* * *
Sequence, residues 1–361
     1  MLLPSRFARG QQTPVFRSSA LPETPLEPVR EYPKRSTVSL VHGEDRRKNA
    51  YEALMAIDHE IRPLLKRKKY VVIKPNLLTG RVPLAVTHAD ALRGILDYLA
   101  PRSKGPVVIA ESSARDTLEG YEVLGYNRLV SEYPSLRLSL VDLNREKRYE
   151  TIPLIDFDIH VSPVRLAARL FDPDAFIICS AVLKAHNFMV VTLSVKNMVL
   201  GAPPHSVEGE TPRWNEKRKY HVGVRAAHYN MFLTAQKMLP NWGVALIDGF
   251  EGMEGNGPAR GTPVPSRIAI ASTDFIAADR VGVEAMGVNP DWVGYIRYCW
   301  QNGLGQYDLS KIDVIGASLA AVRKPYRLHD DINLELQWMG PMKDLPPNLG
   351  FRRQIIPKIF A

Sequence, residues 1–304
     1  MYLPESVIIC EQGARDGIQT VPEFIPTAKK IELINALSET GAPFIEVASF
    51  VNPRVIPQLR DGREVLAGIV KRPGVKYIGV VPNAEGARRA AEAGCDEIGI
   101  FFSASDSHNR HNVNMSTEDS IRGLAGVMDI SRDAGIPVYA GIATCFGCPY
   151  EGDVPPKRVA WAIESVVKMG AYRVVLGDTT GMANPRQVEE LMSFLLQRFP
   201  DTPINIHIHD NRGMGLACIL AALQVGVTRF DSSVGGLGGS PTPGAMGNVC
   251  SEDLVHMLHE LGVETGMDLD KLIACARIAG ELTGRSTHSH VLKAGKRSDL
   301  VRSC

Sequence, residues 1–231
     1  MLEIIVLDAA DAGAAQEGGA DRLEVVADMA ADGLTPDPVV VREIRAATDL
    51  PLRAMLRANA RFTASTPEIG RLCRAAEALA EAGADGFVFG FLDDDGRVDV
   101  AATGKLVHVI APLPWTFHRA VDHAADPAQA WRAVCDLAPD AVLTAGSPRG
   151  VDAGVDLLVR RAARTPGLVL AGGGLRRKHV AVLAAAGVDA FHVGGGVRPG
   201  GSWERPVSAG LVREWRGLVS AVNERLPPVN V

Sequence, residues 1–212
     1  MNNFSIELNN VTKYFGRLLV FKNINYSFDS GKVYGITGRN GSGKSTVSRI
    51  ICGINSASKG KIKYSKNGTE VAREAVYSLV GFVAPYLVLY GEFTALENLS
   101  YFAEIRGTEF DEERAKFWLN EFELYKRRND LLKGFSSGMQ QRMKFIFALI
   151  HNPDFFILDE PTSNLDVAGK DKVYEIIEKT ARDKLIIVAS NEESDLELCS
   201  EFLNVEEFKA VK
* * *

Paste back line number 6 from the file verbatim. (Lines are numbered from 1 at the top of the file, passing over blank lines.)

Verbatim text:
   201  GAPPHSVEGE TPRWNEKRKY HVGVRAAHYN MFLTAQKMLP NWGVALIDGF